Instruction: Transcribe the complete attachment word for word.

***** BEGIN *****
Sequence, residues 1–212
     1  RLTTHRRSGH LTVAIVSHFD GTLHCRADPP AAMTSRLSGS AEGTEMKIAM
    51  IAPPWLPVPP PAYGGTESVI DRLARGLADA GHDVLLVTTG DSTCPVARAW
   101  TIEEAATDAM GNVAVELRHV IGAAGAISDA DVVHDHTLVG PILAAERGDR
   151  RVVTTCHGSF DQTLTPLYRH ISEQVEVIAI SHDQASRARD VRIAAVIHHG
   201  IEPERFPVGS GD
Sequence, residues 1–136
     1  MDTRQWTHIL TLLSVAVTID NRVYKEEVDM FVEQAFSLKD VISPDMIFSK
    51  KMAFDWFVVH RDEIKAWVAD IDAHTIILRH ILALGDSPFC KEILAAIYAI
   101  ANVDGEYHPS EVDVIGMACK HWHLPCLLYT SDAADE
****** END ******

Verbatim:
Sequence, residues 1–212
     1  RLTTHRRSGH LTVAIVSHFD GTLHCRADPP AAMTSRLSGS AEGTEMKIAM
    51  IAPPWLPVPP PAYGGTESVI DRLARGLADA GHDVLLVTTG DSTCPVARAW
   101  TIEEAATDAM GNVAVELRHV IGAAGAISDA DVVHDHTLVG PILAAERGDR
   151  RVVTTCHGSF DQTLTPLYRH ISEQVEVIAI SHDQASRARD VRIAAVIHHG
   201  IEPERFPVGS GD
Sequence, residues 1–136
     1  MDTRQWTHIL TLLSVAVTID NRVYKEEVDM FVEQAFSLKD VISPDMIFSK
    51  KMAFDWFVVH RDEIKAWVAD IDAHTIILRH ILALGDSPFC KEILAAIYAI
   101  ANVDGEYHPS EVDVIGMACK HWHLPCLLYT SDAADE